This approach throws a huge responsibility onto the individual singers. In a sense, we are all conductors: we need an extremely high level of collective listening to make sure that we always sing with good blend and ensemble. We also have to feel and react to the overall sound that we are making, at the same time as singing our individual lines. In our early years we sometimes rehearsed with our eyes closed, or facing away from one another, to hone our aural skills!
It also means that each singer has the opportunity to contribute creatively to our performances: we decide everything, from tempo and mood to dynamics and articulation, by discussion and experimentation. This means that we rehearse far more than other groups of our type – perhaps three or four times as much! – but, most importantly, that our interpretations ‘belong’ to the individual singers in a unique way, and (we hope!) that our performances are warmed from the inside, since the ideas that underlie them come from the group itself, rather than a conductor at the front. We can be spontaneous and fluid in performance, responding to one another as the mood takes us, and we find it an enormously rewarding way to work.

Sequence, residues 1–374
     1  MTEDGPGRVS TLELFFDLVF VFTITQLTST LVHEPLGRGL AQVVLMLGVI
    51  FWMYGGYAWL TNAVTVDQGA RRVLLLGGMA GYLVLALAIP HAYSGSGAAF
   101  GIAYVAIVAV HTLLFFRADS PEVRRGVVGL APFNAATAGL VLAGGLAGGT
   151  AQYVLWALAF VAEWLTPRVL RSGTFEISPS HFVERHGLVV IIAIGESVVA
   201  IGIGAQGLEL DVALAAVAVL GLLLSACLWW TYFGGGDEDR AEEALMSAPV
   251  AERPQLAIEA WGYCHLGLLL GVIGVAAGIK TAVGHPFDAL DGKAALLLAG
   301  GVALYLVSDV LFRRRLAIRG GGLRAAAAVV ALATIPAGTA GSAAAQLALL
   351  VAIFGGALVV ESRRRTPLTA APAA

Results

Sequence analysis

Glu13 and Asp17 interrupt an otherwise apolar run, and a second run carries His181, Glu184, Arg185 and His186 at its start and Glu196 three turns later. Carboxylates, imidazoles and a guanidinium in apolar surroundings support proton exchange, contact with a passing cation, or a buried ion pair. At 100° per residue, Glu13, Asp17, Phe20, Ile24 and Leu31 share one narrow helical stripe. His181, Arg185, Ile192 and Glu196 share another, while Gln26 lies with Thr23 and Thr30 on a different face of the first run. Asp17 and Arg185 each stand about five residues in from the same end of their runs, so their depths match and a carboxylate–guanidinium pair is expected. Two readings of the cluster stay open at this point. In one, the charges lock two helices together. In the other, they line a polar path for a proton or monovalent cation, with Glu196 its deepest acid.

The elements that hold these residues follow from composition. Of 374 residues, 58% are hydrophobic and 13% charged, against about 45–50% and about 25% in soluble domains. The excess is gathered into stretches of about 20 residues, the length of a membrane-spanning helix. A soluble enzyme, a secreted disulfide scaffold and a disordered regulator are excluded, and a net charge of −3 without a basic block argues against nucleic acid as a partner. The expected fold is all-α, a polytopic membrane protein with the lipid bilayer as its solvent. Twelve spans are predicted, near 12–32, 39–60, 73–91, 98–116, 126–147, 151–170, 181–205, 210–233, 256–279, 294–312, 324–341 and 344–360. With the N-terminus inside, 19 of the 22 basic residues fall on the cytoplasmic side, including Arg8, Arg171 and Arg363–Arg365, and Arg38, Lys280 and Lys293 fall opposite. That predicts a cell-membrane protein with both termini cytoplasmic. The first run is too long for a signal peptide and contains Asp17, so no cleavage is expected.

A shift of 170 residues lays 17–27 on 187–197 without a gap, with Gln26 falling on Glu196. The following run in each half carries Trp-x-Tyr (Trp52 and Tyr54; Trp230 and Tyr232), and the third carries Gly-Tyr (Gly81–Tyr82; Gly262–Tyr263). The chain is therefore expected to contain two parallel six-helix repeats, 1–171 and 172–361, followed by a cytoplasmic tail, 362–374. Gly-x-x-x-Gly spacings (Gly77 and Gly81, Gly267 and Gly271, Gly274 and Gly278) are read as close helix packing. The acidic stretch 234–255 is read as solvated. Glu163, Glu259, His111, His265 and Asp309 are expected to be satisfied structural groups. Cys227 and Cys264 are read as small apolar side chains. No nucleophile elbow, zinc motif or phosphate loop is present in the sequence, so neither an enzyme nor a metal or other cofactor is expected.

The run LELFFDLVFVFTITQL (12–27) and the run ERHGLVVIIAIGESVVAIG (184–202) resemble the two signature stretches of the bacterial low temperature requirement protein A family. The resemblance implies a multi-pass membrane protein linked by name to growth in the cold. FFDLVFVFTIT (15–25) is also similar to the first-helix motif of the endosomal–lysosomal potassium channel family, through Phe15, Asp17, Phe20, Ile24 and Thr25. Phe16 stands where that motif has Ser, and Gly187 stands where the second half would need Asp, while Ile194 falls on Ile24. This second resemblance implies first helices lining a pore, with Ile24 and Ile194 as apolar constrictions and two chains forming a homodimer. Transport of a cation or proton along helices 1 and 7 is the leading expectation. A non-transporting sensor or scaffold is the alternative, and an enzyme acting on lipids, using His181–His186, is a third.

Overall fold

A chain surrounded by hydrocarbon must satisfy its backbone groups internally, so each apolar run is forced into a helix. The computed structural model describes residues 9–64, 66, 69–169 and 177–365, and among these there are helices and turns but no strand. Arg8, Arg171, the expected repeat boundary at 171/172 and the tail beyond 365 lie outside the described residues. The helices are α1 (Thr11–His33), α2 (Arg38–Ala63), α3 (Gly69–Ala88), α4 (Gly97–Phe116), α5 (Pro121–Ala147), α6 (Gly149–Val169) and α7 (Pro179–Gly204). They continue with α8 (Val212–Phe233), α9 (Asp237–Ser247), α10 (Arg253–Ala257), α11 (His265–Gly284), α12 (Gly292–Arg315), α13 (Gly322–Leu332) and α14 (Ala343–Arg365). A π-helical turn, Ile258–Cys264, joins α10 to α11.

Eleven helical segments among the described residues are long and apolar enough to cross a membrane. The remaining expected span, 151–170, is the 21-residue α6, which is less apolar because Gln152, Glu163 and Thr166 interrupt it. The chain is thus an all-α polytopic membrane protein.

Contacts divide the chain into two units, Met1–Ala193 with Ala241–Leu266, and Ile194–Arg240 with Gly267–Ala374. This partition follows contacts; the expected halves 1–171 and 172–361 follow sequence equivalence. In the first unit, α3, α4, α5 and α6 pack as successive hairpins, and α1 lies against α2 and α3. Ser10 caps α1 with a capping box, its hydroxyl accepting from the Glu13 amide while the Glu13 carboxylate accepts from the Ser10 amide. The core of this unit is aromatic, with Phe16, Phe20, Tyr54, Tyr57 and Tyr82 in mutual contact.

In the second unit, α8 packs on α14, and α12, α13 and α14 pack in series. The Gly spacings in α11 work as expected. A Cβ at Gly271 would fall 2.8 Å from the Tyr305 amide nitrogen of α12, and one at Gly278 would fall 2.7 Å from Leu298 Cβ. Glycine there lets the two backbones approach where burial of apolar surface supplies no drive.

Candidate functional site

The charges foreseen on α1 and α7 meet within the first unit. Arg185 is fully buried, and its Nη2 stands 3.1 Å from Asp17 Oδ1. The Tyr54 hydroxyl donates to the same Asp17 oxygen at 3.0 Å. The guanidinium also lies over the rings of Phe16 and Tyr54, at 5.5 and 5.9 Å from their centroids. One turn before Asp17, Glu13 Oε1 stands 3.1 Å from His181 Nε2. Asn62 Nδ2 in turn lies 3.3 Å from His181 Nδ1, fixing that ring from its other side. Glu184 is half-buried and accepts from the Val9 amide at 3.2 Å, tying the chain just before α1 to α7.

2. How do you put together a program in this kind of conductor-less collaborative environment?
As well as sharing in the musical decision-making, everyone in the group has individual roles – looking after our finances, website, travel and so on. There are five members of the group who take a particular lead on musical programming, working intensively on developing themes for future concerts and recordings. But everyone contributes to the discussion – our private website even has a ‘wish-list’ where we can all make repertoire suggestions. We generally have three or four programmes on the go at any one time, and work about two years ahead.
3. It’s often noted that Stile Antico is a group of /young/ singers. Do you have any advice for other aspiring young singers?